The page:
Depending on the weather and the grass, the cows get turned out between mid-May and June first. When the calves are turned out on pasture, they receive a round of shots. Tim explains, “Pneumonia is a problem here in the summer, and we have found that by being proactive, we have fewer complications.”
For the last ten years, TSN has been using CIDRs and AI to increase genetic progress. Heifers are the first group bred in May through two heat cycles before being put out with high-quality clean-up bulls. With the larger herd size, second-calf heifers and cows are bred in three groups of 100, ten days apart.
Going into summer, rotational grazing is used to better manage pasture health and to grow more native grasses. Each year, in addition to raising cattle, 500 acres of crop ground and then 300 acres of hay ground are farmed.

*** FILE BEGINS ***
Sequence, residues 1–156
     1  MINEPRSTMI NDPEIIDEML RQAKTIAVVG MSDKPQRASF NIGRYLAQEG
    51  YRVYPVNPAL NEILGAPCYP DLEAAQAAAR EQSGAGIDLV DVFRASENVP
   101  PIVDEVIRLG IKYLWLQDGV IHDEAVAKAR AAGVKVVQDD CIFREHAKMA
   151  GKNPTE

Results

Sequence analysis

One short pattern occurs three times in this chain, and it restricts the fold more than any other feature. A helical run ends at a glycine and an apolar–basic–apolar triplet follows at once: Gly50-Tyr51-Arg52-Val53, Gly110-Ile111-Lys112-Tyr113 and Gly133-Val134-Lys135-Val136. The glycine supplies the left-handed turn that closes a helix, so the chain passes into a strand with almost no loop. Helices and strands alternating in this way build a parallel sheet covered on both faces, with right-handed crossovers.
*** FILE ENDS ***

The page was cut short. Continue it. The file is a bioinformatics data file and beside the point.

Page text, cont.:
Naasz is a part of the South Dakota Grassland Coalition, “In the ’30s through the ’70s there was a lot of brome planted. It’s great in the spring, but it’s not like a native species grass. If you get a good mix of native species of grass and legumes both in the pasture, the pasture health is so much better. In combination with rotational grazing native species will come back but it’s a slow process.”
Selecting for Profit
“We’ve been decreasing the size of our cows a little bit. We don’t want big cattle, but we want growth too,” Tim Naasz explains what they do to develop quality bulls for their buyers while still maintaining the desired female mature size. “There’s some pushback in the industry because there are people that don’t believe that you can get calving ease and growth at the same time. But I believe that you can.”
While making keep and cull decisions, Naasz goes through multiple culls before making final decisions on sale, replacement, and feeder animals. Bulls remain intact until weaning when the first-round of culls are made. Tim explains, “We look at a couple of things when selecting bulls for the sale including structure, gains, but also the numbers.”